Dan:                                     10:28                    Yeah. So we see it again in the New York Times in the 13th, June edition, 1948. "It's very welcome news to hear of a house that doesn't demand an arm and a leg to buy it."
Dan:                                     10:40                    So nothing has changed. Apparently. It's still the exact same situation
Dan:                                     10:45                    Housing prices are always higher than we want them to be, right? As buyers...
Dan:                                     10:49                    Yes, absolutely. I mean, when you're selling, you're like, wahoo! Well, it's never as high as you want it when you're selling is always too high when you're buying. So in 1956, Billie holiday with William Duffy wrote a book, an autobiography, uh, sort of, uh, in, in the book is called The Lady sSngs The Blues, they write, "Finally she found someone who sold her some stuff for an arm and a leg."
Dan:                                     11:11                    So she finally found somebody who saw all this stuff, but it was super expensive. It costs her a figurative arm and a leg,
Shauna:                               11:17                    Billie Holiday man...
Dan:                                     11:17                    And they were, oh, yeah. Yeah. That's a troubled life. Um, there were a lot of, during the World War One, World War II, a lot of references to arm and a leg literally, and like they were used figuratively, but, but the allusions to the literal, um, so there were, there were a lot of examples of that use during that time frame in newspapers.
Shauna:                               11:37                    I can see that for sure.
Dan:                                     11:39                    Right. But most of them were made to make somebody feel bad for not buying war bonds. I mean, that was the idea.
Shauna:                               11:45                    Oh gosh, yes, The war bonds
Dan:                                     11:46                    So there were, there were just numerous, numerous examples during World War during the world wars that were American newspapers were trying to make people feel like they were a supporting the enemy by not, by not buying war bonds. So if you didn't have the money to buy a war bond, you were supporting the enemy because you should do whatever you can to be able to purchase war bonds and give money to the government so they can fund the war effort.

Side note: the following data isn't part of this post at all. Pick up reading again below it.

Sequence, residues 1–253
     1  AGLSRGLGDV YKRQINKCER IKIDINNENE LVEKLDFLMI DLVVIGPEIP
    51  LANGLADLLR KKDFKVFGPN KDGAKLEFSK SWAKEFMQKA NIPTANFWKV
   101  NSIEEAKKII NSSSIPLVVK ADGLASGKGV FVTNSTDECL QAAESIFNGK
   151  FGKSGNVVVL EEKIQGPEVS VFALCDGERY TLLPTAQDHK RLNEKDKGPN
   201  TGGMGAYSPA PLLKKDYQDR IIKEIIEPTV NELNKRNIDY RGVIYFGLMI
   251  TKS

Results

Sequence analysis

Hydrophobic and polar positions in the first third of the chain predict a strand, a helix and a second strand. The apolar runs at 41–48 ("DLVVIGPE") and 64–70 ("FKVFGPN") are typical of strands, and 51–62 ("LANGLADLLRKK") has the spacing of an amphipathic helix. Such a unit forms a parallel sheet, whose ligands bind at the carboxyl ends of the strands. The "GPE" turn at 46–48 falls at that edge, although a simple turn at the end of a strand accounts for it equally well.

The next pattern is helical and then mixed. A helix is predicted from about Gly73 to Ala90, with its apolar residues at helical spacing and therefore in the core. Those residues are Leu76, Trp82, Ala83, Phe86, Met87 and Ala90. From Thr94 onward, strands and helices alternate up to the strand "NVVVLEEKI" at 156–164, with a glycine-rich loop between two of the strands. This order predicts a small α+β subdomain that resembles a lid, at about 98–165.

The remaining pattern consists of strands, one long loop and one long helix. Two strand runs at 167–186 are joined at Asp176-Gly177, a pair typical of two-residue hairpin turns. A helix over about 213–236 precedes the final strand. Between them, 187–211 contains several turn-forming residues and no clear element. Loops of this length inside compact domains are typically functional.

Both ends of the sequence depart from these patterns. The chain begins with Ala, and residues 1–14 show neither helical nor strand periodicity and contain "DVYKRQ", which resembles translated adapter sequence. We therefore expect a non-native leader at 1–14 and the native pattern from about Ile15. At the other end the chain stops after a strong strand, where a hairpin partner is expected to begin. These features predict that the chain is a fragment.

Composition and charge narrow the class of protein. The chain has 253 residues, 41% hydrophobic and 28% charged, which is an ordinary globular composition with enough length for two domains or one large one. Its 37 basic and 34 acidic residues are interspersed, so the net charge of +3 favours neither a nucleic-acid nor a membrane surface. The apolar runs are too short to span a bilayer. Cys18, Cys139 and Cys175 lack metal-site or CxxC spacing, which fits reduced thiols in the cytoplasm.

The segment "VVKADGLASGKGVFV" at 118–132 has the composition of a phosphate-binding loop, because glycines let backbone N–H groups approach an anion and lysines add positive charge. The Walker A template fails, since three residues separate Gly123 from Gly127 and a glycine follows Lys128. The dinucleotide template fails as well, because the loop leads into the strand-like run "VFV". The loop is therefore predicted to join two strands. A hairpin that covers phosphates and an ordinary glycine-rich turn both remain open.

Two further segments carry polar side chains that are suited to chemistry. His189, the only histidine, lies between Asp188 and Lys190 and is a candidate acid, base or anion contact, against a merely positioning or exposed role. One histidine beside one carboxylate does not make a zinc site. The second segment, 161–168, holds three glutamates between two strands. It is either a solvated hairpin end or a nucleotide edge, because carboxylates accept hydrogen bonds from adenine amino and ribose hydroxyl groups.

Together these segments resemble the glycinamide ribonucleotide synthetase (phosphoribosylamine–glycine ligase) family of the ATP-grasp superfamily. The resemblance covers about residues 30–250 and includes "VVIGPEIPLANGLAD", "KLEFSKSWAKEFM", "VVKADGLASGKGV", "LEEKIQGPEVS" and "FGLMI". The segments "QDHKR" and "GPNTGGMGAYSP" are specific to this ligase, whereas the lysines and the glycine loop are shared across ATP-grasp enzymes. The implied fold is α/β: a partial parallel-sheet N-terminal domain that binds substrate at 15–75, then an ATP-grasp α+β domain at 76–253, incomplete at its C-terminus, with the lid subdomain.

Shauna:                               12:07                    They touched on that in the captain America movie, or we'd like, he, you know, went on on the campaign to raise funds for the right. Sure and I was like, oh gosh, that's like so and to, I wonder for people who don't have that knowledge or haven't seen the newspapers from that time or any experience with that kind of kind of a realm that that how true or accurate some of that really was is really kind of a cool to see it in a movie like that after seeing so many ads for war bonds in newspaper, old newspapers.
Dan:                                     12:37                    Yeah. And most of those war bond things, they're not, they're not, they're not just appealing to the, like if you can do it their actively making you feel like you are unamerican if you don't.
Shauna:                               12:49                    Yeah. Yeah. Like you are, you are not supporting, like you said, you are almost against your country if you're not buying war bonds. Yeah.
Dan:                                     12:59                    Also, a state of marketing still has not changed in this country either. I will say the one thing that I get from reading newspapers is a massive despair that our country is still, in America, is still continuing to face almost every one of the same issues they were facing before and we haven't figured out how to grow from it. We were literally the same issues in 2019 as we were dealing with in 1719. Just the technology and, and our quality of life has changed. But the issues are still there. We haven't figured out how to solve. We, all we're doing is we're putting bandaids on it over and over. Right?
Shauna:                               13:37                    Yeah. Just more, more effective media mediums to, to share that. I saw a study that evaluated how people apply bias to the things that they are engaging with. So whether that's print media or or visual, auditory. Um, so when you're listening to something on the radio, how impactful is that message to you and are you a, and how biased does it become? But when you're seeing a that, so videos that also have sound with them, that's the most impactful and the, the time when you're least able to recognize bias or recognize some sort of ulterior motive of the, of the message or anything like that. So really when we're watching things that are a video, we are limiting our own, uh, our personal interpretation of it and taking more of what they say instead of kind of thinking for ourselves. So I was an interesting study.